Breaches and vectors

When studying data breaches, it is helpful to look at the data from different viewpoints; the initial lenses used were incidents versus records lost.  The incident data are useful in determining the breach vectors that occur most frequently, while the information on the number of records lost provides the scope of the incident and how many people it affected.

Suzanne Widup, MSIA graduated with honors from the MSIA program at Norwich University in 2007. In Part One of this three-article series, she discussed why the data breach study (The Leaking Vault - Five Years of Data Breaches) was conducted, and how information security practitioners can use the data. In this section, she presents some of her key findings about how many breaches there were and how most of them happened.

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When studying data breaches, it is helpful to look at the data from different viewpoints; the initial lenses used were incidents versus records lost. The incident data are useful in determining the breach vectors that occur most frequently, while the information on the number of records lost provides the scope of the incident and how many people it affected. The study covers 2,807 publicly disclosed breach incidents, with over 721.9 million records disclosed. To put this in perspective, organizations lost an average of 388,342 records every day for five years.

The leading vector for number of data breach incidents is the laptop computer. Laptops are frequently used as an individual's primary computer, and they can store a significant amount of confidential data. In the study, missing laptops were stolen 95% of the time (as opposed to being lost), and while the thief may have been targeting the electronics as an easily fenced item, the motivation behind the theft doesn't exempt the organization from having to disclose the breach.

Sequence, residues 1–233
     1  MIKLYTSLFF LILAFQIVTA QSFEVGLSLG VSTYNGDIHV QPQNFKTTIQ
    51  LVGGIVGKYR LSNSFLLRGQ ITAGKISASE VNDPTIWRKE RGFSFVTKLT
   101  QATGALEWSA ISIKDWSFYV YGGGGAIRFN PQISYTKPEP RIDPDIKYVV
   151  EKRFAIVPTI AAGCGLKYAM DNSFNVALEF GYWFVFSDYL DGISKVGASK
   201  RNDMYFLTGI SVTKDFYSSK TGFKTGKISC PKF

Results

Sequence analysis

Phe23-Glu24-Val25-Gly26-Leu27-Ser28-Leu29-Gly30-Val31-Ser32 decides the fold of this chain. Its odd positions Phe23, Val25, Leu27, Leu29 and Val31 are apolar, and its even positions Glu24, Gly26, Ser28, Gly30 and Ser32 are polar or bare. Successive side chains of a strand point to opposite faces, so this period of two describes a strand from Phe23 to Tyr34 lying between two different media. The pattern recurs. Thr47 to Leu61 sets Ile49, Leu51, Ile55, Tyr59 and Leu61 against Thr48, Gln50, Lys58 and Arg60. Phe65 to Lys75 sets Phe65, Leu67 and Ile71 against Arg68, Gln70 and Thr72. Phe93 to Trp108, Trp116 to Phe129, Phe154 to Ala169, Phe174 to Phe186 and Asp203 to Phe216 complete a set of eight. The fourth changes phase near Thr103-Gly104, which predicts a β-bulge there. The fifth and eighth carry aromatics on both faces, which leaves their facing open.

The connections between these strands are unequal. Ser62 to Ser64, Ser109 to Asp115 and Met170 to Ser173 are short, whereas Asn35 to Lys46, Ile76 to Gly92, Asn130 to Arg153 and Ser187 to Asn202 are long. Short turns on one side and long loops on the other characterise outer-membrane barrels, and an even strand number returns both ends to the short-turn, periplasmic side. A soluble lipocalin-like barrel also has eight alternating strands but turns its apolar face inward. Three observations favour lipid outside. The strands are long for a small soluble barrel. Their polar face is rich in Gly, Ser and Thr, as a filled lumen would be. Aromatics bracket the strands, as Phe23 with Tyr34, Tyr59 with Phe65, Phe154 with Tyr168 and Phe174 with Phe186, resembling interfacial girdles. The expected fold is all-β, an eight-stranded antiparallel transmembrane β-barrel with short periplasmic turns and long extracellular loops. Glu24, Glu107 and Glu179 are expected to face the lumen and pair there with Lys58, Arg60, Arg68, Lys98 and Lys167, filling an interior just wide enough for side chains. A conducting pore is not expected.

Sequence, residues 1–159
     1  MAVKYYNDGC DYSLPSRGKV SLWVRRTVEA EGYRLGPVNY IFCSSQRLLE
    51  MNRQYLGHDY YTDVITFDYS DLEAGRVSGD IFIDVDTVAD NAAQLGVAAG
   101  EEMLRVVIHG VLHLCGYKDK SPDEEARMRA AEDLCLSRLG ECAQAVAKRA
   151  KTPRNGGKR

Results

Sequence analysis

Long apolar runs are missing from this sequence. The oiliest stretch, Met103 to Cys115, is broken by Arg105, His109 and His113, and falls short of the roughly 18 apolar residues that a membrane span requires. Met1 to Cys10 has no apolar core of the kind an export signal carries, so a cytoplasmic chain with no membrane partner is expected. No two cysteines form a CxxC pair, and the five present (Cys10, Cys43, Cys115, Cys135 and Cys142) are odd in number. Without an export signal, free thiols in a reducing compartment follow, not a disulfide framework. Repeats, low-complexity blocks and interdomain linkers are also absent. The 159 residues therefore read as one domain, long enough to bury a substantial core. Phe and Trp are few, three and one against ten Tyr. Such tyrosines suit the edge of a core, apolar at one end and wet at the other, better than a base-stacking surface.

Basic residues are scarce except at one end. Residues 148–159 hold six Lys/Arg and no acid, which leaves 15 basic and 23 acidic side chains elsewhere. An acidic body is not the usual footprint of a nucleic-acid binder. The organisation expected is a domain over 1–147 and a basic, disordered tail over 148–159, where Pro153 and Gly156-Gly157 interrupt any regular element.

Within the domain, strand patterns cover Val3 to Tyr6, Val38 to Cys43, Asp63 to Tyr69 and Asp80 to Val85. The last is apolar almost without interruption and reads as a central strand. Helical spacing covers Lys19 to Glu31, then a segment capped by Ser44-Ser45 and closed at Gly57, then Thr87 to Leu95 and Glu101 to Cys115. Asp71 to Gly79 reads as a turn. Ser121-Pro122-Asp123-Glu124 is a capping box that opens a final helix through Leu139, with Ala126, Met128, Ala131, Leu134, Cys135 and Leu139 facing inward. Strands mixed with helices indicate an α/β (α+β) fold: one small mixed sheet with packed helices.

In the end, the organization has lost control over the data, and the potential is there for its disclosure. A high percentage of the notification letters sent to the data subject victims contained assurances that the organization had no evidence that the data had been used, while touting the protection of requiring a password to access the computer. 

In reality, it is trivial to bypass the password protection control, and testing showed the process took less than 15 minutes and only basic computer skills to accomplish. Entering the terms "bypass windows password" into a search engine yields over 1.8 million results. This finding is an illustration of the need for defense in depth – if the initial control is weak, stronger defenses should be in place in case it fails. In this case, encrypting the data, or better still, preventing confidential data from leaving the organization on a portable device would be examples of additional controls.

For number of records disclosed, the hacking vector led by a wide margin. This vector was responsible for 327 million records, but accounted for only 16% of the incidents. The average records lost per hacking incident was 716,925. In contrast, the laptop vector averaged only 71,749 records lost per incident. When looking at mitigation for this vector, practitioners should look not only at perimeter defenses, but also detective controls. Preventing an incident is the best case scenario, but given the risk, timely detection and containment are essential to reducing the damage to the organization.

Suzanne Widup, MSIA has significant experience in workplace investigation, digital forensics, e-discovery and litigation support. Her background includes 16 years of security and Unix system administration, technical support, and software development. In addition, in what doesn’t sound like much spare time, Suzanne is a certified Graduate Gemologist and a Graduate Jeweler, a certified Precious Metal Clay instructor, and the founder of the Yahoo Silk Painting group.

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